Despite all facts about the wartime conduct of the German military forces, the myth of the “impeccable Wehrmacht” was maintained. The Wehrmacht was, admittedly, “guiltily entangled” (Ursula von der Leyen), but it was not a systemic factor in a Nazi geopolitics that transgressed all norms and values.

It was not until the 1990s that the exhibition War of Extermination: Crimes of the Wehrmacht 1941-1944 first brought to the attention of a broader public the systematic and strategically planned involvement of the military in the East. Hannes Heer, who was responsible for this first “Wehrmacht exhibition”, indicates some of the ways that the military death machine was whitewashed in the early Federal Republic, ways that are hardly conceivable today:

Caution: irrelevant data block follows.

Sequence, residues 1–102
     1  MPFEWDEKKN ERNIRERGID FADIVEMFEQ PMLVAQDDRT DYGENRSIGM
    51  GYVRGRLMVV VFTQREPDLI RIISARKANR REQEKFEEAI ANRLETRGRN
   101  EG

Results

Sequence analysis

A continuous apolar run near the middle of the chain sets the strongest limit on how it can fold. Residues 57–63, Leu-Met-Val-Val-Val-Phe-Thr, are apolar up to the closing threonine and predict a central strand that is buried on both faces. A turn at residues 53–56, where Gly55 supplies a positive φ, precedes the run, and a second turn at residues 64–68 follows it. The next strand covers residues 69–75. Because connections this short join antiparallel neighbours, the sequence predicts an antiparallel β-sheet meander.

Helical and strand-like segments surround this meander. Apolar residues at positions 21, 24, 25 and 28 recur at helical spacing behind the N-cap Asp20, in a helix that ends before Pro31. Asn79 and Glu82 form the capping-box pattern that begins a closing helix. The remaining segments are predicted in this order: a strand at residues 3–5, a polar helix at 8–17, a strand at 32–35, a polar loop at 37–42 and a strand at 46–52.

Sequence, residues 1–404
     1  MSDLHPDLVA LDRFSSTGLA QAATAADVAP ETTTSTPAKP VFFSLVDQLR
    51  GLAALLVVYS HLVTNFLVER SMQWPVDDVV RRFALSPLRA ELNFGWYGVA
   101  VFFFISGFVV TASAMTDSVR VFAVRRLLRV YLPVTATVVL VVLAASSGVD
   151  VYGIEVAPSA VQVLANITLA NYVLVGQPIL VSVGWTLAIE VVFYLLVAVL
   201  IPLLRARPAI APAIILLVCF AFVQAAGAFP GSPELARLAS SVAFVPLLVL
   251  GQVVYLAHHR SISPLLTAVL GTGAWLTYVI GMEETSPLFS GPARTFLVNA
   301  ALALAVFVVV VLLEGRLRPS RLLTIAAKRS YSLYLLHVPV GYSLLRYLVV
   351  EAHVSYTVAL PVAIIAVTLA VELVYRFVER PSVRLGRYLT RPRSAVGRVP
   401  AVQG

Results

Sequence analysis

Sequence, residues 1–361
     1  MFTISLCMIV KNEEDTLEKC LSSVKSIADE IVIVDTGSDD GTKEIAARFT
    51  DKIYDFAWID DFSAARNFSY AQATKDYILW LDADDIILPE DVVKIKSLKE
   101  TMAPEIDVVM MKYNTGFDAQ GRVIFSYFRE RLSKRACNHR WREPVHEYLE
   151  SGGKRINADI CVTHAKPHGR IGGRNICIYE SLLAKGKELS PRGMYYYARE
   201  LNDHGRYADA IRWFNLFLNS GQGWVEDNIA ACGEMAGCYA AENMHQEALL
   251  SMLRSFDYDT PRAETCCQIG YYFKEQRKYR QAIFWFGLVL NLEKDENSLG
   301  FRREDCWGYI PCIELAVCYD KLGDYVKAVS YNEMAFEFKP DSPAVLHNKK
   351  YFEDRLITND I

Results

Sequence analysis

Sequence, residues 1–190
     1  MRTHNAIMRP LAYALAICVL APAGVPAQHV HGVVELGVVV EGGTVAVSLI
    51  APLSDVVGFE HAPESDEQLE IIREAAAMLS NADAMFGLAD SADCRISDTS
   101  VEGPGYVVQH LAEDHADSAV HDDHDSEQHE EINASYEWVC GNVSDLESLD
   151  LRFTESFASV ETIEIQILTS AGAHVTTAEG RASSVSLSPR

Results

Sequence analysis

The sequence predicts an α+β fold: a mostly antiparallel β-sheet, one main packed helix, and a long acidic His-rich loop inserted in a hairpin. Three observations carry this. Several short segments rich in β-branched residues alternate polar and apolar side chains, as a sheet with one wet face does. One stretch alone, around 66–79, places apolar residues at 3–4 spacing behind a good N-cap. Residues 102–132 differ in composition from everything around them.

“...the Adenauer government used the opportunity to secure amnesty for the Wehrmacht with its ten million soldiers deployed on the Eastern front alone. And the Western Allies were forced to accept it...” (Neues Deutschland, 31 August 2019). In 1951 Eisenhower, former commander-in-chief of the Allied forces in Europe and later NATO commander-in-chief, said publicly that the German soldier had not lost his honour and that there was a sharp division between Hitler and his criminal group and the Wehrmacht (ibid).